Kylie Abucay | Photo by M. Kitaoka

ONE of the iconic musicals of our time — both onstage and film — is the “Grease,” a story of Rydell High’s senior class of 1959.   Many of us have been entertained by the Pink Ladies, “greasers” and the love story of good girl Sandy and bad boy Danny Zuko.  Much more, the songs “Summer Nights” and “Hopelessly Devoted to You” still are popular today.

Broadway By the Bay has brought the look and sound of this 1950s musical, and will have its last run this weekend at the Fox Theatre in Redwood City.

Playing the female lead role of Sandy is Filipino American Kylie Abucay, who is also a Bay Area native, having been born in Burlingame. Sharing that her love for performing started when she was young, Kylie said that she was initially drawn to ballet dancing rather than acting.

Kylie Abucay (center) as Sandy in Broadway By the Bay’s production of “Grease.” | Photo by M. Kitaoka

“I feel like performing has always been an important part of my life. I think my family knew I had to be on stage when I would nonstop watch ‘Cinderella’ and ‘The Sound of Music’ and reenact the scenes and songs with costumes and props, all at two years old,” she said.  “Since then, I took lots of different performing arts classes and focused on dance for 11 years. I was convinced I wanted to be a prima ballerina for the longest time, but I think the switch for me happened when I watched ‘The Addams Family’ on Broadway when I went to New York for a dance competition.  I looked at Wednesday Addams and thought, “I could totally do that!” I quit ballet lessons at 14 years old and did a lot of theatre in high school, which is when I realized how much I loved being an actress.”

When she auditioned for the role of “Sandy,” Kylie didn’t have enough confidence and thought she wouldn’t get the part.  “Preparing for this role, I had to push myself a lot vocally and I have so many people to thank for that (thanking Alicia Jeffrey, Alissa Deeter, Daniel Lloyd Pias, and Katie Kerwin-Gielniak). Another thing I had to work on for this role was my confidence,” she explained.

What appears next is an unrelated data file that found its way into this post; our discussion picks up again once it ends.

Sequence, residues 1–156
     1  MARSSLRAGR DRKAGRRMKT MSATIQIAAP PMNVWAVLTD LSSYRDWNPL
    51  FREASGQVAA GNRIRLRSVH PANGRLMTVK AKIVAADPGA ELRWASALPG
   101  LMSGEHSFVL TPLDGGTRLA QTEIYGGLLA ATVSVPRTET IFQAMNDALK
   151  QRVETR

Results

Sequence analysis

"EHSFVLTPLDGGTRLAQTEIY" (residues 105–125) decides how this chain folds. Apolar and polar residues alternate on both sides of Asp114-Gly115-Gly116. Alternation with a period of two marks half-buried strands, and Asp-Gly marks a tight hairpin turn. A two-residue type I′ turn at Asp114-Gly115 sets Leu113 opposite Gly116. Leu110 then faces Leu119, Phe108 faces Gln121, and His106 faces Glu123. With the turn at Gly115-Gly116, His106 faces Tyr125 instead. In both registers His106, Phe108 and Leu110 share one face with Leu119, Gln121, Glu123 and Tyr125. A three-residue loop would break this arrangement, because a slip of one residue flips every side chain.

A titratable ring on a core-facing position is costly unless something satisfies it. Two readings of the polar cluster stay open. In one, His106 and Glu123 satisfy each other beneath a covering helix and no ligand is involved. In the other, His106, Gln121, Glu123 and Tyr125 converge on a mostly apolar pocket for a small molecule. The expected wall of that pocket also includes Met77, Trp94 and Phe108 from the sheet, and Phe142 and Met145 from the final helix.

Now with that confidence all up — as shown in her performances — Kylie gives this advice to other aspiring young artists and people of color who may find that they may not fit the typical role:  Put your best foot forward.

“I think that young artists looking to break into stage/acting should go for it and go 110 percent! Take classes, get experience, get inspiration, audition- but do it all full force! I think if I could go back in time, I would dedicate more time to my craft and get more experience on stage,” Kylie said.

“Grease” will have its last weekend with shows on Saturday, June 22 at 2 p.m. and 8 p.m. and Sunday, June 23, at 2:30 p.m. at the Fox Theatre, 2215 Broadway, Redwood City.  For tickets, visit

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